standards of human conduct that govern the behaviors of individuals and groups. Ethics arise

not simply from man’s creation but from human nature itself making it a natural body of laws

from which man’s laws. Ethics studies the standards of conduct and moral judgment; moral

philosophy. Thus, we say that ethics is the system or code of morals of a particular person,

religion, group, profession, etc. Ethics has been applied to family structure, sexuality, and how

society views the roles of individuals; leading to several distinct and unrelated fields of applied

ethics, including feminism.

Ultimately, ethics is important not so that “we can understand” philosophically, but

rather so we can “improve how we live”. By being moral, we enrich our lives and the lives of

those around us. It’s especially important to live a moral life when we are young, as it is helpful

to exercise and practice these concepts before being confronted with more complex issues. It

has theory that ethics is like most everything else that we strive to be good at; it requires
practice and effort. Practicing and making an effort to make moral decisions throughout life

will play dividends when we are faced with serious moral dilemmas (Lafollette, 2007).

A multitude of research has demonstrated that ethics is related a variety of important

job-related out comes. For example, studies have shown that a higher ethical work climate

(Mulki, Jaramillo, and Locander, 2008) and top leadership support for ethics (Viswesvaran,

Deshpande, and Joseph, 1998) are both positively related to job satisfaction.

Values form the basis for our understanding of ethics. Ethics is doing the right thing,

whatever that might be. The “right thing” is based on those values’ society. “Values” is the

term given to those ideas, behaviors, and actions that are important to us. Our values strongly

influence our decision making and help determine where we place our emphasis on our

personal and professional lives. There are some values. Though, that are essentially universally

held by society. There are values from which we derive our understanding and expectation of

ethics and ethical behavior. Such ideals include integrity, honesty, hard work, kindness,

compassion, empathy, sympathy, justice and bravery (Roufa, 2019).

According to Weinstein, there are five basic principles of ethics that are common to

all faiths: Do no harm. Make things better. Respect others. Be fair. Be loving. These values are

defined differently in different parts of the world, but they are cross-cultural and expected

among all groups of people. Also, Weinstein says they should extend beyond the walls of the

sanctuary and should be taught and expected in homes and classrooms as well. Ethics and

morals are often associated with religion, but schools can also provide important lessons in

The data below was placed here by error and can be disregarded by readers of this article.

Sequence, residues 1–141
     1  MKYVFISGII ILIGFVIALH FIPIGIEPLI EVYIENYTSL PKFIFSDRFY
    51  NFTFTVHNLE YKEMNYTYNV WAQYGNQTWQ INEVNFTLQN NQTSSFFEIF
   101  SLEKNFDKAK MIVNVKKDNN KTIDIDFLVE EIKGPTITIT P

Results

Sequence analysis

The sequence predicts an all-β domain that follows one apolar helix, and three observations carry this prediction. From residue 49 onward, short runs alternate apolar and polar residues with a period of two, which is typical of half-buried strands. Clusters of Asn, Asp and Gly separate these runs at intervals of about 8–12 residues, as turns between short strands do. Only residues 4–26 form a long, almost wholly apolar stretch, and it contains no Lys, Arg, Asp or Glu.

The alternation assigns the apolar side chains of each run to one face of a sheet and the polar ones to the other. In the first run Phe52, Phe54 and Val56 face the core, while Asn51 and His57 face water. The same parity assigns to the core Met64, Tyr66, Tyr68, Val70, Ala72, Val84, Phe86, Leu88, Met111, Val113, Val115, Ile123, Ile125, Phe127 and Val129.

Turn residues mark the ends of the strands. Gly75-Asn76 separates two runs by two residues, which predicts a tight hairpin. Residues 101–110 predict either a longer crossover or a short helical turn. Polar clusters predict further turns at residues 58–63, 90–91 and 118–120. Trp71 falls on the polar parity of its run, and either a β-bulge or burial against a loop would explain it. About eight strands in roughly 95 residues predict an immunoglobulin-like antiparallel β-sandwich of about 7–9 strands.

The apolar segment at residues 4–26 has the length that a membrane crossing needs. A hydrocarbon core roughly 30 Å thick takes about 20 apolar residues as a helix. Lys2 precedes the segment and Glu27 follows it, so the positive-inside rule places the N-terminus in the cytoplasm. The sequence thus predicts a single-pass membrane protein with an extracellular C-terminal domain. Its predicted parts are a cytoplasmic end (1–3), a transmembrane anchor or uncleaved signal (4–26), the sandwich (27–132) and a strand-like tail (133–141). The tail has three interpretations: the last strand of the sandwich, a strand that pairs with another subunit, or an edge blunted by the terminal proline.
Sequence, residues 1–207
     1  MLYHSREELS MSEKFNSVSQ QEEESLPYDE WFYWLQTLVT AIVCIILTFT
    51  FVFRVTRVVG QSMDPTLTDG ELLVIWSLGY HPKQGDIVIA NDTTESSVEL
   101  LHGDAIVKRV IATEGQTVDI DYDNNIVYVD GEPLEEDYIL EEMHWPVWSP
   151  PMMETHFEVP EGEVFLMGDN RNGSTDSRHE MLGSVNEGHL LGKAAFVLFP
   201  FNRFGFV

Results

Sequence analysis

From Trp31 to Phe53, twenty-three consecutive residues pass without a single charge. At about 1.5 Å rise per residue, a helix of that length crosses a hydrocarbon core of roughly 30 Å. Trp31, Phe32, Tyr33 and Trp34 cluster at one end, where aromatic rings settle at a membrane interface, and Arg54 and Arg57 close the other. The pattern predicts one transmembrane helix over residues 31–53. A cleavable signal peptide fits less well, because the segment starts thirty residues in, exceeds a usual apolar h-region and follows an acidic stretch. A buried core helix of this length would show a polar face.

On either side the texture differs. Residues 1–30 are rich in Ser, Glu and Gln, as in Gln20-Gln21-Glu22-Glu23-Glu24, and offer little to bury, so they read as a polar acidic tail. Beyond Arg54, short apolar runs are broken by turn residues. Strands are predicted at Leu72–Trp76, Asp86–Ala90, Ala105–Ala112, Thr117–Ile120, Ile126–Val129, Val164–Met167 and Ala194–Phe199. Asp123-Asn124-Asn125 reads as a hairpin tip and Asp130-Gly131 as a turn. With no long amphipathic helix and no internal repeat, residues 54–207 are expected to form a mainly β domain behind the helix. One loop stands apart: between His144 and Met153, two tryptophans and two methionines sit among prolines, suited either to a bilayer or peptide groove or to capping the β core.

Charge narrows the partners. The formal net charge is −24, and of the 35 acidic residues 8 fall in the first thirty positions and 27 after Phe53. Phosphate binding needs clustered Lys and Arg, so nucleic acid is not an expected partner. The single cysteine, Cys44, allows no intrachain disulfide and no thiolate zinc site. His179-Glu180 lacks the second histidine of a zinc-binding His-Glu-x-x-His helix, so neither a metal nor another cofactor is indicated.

ethical thinking and action.

Singer (2019) expressed that ethics deals with such questions at all levels. Its subject

consists of the fundamental issues of practical decision making, and its major concerns include
the nature of ultimate value and the standards by which human actions can be judged right or


Role models play a huge impact in the development of an individual’s life said by Perry

& Nixon (2005), and the development of one’s ethical thought and behavior is no exception.

With the emergence of mass media such as television and especially the internet, role models

are becoming an even bigger influence today than ever before. Subsequently, if one views a

very ethical individual as a role model, he or she will definitely grow up to uphold a high

standard of ethics. On the other hand, if one’s role model is of questionable ethical practice,

consequently they will have a higher chance of practicing unethical methods.

Globalization also plays a strong role in affecting the ethical behaviors of the masses.

Globalization is a transnational community in which geographical boundaries are nothing

more than a political nuisance according to Zekos (2004). Globalization creates a breeding

ground for erosion of ethics, especially in developing countries. This is because developing

economies are in dire need of foreign investments and are in a weak bargaining position

compared to more wealthy countries. As a consequence, local enforcement lacks the

motivation to enforce any kind of corruption, and basically look the other way even if they

discover them, as this may mean turning away potential investments in the country.

Thoughts affect words and deeds, and in a group context, ethics in decision making

can be evaluated through the tangible evidence and outcomes from words and actions. Again,

thoughts and motivation are left to the personal realm. As a consequence, evaluation of

appropriate ethical behavior will have limitations. In all outcomes there are the following

possibilities: Right motivation with right action. Right motivation with wrong action. Wrong
motivation with right action. Wrong motivation with wrong action (Decision Innovation,


It has been long established that institutional honor codes can be effective deterrents

to academic dishonesty (McCabe, Treviño & Butterfield, 2001); Whitley & Keith-Spiegel,

2001). A climate encouraging ethical behavior affects students’ perceptions of how ethically

other students are behaving. Research has consistently demonstrated that the most important

factor in whether students behave honestly is their perception of their peers’ behaviors

(Caldwell, 2010; Engler, landau and Epstein, 2008; Jordan, 2001; Mc Cabe & Bowers, 2009;

McCabe, Butterfield & Treviño, 2006; McCabe & Treviño, 1993; Pulvers & Diekhof, 1999;

Whitley, 1998). If students believe that “everyone else is cheating,” then they ill be more likely

to cheat, too. However, honor codes alone do not create a climate of ethical behavior. Honor

codes must be backed by institutional programs that educate students and encourage academic

honesty (Caldwell, 2010; Engler et al., 2008; MacDonald & Carroll, 2006; McCabe, et al., 2001;

Roig & Marks, 2006; Whitley & Keith-Spiegel, 2001). Therefore, to move expectations of

ethical behavior from the institution to the classroom, statements encouraging ethical behavior

not only need to be placed in the course syllabus, but also discussed and reinforced in class.